Mixed Game Strategy: Basic HORSE Strategy

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January 04 2010

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"Basic HORSE Strategy"
January 04, 2010

Looking to learn how to play H.O.R.S.E.? You are not alone. Players around the world are beginning to turn their attention away from No Limit Texas Hold’em and towards mixed games as an alternate or even exclusive source of poker revenue. If you are new to the game, here are a few strategy tips to help you while you are learning the game.

Out of the five games, most of the players will consider Hold’em to be their most skillful game. As a result you want to stick with a tight strategy in Hold’em. Patience pays off in Limit Hold’em. Pairs from tens and up and ace-king are your premium hands here and are you solid raising hands. Hands outside of the top hands should be played according to position. Don't play suited connectors and face cards too liberally. In No Limit, when you play these types of hands, you can stack someone when you hit big but in Limit, you may win a pot but in the long run lose a lot more than you will win.

In Omaha Hi-Lo, you are looking for hands that give you the best chance to scoop the pot.  Your best hands include an ace, a deuce, and at least one other card five and under. If one of those cards are suited with your ace, even better. Omaha-Eight is a drawing game, and you need to be going for the nut draw when you are in a hand. Going for the second and third nuts will bleed off your chips.

The three stud variants will offer many players excellent opportunities to pick up chips over the flop based games. Razz is easily the most frustrating game but also the one where you can pick up a lot of chips by playing a relatively solid strategy. One term you want to be aware of early on is “board locked”. When you have an opponent board locked in Razz, that means that your hand cannot lose regardless of what their best possible draw is. Being able to recognize that your opponent is drawing to a 7-6 low at best when you hold a 7-5 low will allow you to potentially give a free card to collect extra bets.

Three baby cards under eight are prime starting hands, with A-2-3 being the best starting hand. Beware of hands like A-7-8, as while it’s a solid starting hand, you may need to fold if the action gets heavy against multiple players. While you are still picking up the game, stay away from hands such as 9-A-2, J-A-2, etc. When you come in with a high card, you are telegraphing your low cards and if you miss, you will have to fold anyway. Pick a better hand.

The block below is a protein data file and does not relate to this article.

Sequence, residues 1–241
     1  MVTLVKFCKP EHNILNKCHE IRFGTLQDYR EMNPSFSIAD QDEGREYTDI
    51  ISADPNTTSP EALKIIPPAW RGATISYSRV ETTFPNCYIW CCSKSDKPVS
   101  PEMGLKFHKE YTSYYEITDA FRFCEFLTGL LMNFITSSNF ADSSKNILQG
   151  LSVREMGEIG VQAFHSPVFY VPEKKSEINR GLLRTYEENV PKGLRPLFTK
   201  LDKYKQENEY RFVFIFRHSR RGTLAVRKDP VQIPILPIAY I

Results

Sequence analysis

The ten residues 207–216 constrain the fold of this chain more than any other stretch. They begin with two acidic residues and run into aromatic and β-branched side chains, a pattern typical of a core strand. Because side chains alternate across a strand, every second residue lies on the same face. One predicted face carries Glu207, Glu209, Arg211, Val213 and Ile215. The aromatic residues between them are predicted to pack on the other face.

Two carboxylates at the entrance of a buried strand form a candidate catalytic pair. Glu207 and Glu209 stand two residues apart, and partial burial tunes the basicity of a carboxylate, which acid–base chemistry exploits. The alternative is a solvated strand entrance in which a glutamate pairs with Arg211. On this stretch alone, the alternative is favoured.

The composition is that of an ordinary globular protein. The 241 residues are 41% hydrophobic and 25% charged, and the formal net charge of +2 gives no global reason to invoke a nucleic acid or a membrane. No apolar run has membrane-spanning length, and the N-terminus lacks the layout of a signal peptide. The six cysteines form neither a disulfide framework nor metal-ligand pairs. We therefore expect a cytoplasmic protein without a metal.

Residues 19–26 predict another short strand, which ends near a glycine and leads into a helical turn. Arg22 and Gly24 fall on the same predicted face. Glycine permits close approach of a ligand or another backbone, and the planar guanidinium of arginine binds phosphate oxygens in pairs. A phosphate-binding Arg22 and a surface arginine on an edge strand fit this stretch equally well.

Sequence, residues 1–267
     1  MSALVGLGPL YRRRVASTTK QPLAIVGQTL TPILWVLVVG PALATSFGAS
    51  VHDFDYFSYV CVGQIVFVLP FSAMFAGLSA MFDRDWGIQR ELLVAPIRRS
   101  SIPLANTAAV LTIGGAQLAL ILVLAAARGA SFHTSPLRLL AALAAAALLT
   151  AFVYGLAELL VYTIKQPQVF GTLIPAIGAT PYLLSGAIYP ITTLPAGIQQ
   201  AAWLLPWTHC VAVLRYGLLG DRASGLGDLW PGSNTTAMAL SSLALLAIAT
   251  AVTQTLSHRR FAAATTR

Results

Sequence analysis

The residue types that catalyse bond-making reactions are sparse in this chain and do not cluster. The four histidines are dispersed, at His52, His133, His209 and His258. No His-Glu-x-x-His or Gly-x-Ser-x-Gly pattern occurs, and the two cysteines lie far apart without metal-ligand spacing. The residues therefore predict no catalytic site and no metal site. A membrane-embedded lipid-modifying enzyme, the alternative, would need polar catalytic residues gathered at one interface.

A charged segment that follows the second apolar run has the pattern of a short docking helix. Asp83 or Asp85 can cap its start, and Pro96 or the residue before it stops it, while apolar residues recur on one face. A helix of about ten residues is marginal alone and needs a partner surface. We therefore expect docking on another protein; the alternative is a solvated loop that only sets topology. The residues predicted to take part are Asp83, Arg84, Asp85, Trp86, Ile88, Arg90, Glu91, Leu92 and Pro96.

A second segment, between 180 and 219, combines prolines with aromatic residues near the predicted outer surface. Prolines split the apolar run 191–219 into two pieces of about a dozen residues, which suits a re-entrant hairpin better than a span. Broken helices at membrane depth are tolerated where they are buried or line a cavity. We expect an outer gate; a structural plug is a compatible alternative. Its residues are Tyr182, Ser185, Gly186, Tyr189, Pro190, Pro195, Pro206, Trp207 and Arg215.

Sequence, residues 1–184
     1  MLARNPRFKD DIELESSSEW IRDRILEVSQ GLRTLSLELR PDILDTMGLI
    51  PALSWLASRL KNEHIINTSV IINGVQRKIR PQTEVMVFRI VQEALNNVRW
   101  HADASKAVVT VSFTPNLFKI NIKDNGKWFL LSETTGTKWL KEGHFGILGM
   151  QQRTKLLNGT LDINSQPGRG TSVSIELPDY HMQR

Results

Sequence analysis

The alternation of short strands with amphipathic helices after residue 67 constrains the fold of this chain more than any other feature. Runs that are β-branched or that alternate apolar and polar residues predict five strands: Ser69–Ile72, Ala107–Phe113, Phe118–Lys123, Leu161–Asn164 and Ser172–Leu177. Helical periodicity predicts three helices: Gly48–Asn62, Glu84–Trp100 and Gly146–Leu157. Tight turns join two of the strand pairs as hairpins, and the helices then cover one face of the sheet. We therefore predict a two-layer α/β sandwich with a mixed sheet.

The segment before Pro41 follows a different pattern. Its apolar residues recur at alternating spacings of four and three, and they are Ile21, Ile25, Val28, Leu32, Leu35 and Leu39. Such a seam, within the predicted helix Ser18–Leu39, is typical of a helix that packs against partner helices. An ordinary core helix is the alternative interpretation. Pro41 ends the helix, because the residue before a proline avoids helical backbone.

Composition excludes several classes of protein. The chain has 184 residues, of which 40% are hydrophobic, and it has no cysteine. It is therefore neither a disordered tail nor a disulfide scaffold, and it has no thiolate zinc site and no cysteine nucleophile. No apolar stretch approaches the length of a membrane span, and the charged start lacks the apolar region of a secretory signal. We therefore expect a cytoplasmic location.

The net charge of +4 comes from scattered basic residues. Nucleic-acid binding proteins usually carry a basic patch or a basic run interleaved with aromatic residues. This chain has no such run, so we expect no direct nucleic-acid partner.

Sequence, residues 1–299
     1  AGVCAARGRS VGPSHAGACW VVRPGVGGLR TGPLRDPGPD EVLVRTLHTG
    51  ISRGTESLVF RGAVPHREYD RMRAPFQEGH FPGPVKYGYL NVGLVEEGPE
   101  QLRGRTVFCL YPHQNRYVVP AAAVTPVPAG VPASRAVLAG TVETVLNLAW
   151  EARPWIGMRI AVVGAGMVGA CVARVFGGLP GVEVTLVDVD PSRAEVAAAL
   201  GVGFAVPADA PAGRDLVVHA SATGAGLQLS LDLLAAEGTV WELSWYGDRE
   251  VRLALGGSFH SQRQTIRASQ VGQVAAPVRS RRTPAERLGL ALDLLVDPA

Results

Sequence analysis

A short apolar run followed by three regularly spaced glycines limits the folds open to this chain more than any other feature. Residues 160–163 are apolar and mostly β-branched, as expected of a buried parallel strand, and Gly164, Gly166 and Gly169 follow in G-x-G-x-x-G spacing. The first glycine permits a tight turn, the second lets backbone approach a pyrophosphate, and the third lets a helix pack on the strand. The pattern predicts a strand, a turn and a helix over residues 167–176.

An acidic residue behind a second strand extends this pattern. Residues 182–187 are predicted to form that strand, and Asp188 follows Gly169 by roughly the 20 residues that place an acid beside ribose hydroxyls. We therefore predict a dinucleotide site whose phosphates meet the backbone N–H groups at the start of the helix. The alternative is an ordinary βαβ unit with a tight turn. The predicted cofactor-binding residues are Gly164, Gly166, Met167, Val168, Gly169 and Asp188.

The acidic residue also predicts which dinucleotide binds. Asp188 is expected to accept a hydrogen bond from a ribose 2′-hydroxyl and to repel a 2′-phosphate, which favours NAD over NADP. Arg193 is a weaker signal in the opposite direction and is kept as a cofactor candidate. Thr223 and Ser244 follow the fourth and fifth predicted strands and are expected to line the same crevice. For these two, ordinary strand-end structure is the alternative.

In Seven Card Stud, you want to start off with either big pairs or buried pairs. Small buried pairs play best in a multi-way pot to no raise. The purpose is to hit trips. If you don't hit trips by fifth and an opponent is showing strength, it is time to go. When playing a large pair other than aces, be aware of your position to make sure an overpair may not be likely. There is nothing worse than raising with a queen and having a later position player re-raise you with a king or ace showing. In Stud, your position is relative to the player in seat one.

On rare occasions you will receive a “rolled up” hand, or three-of-a-kind on third street. In Stud, this is a prime slow-playing hand on third street. If you re-raise with a five after a queen raised, you are telegraphing that you have queens beat. This will usually convince the better players to fold. After third, play slow or fast depending on the strength of your set and the developing boards. Also, realise that a reasonable percentage of the time, when a player pairs their door card, meaning the upcard on third street, they have made trips. In many cases, it is time to abandon the hand.

Stay away from playing most lower straight and flush draws. Higher straight and flush draws that include face cards or an ace are much better. This is because if you miss your draw but catch a high pair or even two pair, you may still take down the hand.

One way to bleed off chips in Stud-Eight or better is to play big pairs other than aces on a regular basis. When you start with a big pair, such as queens, you are committing yourself to only half of the pot. Even if you start with a pair and a baby card, you must catch all cards perfect to make a low. Big pairs are best played in heads-up pots, or as a steal of antes. Next, stay away from most non-scooping eight-low draws. A hand such as 8-5-2 rainbow looks enticing, but many times will wind up behind.

Unlike Stud high, in Stud-Eight, you want to play your rolled up sets fast. Since many pots will be multi-way, a rolled up set is not as safe to scoop a pot. You want to make the players pay to try and outdraw you.

The above strategy hints are just the tip of the iceberg of what is available on the game. In order to become a successful H.O.R.S.E. player, you need to be proficient in all variants in the game. The tips in this article should help get you on your way, but in order to improve, you need to log in the time at the online poker tables. Good luck!

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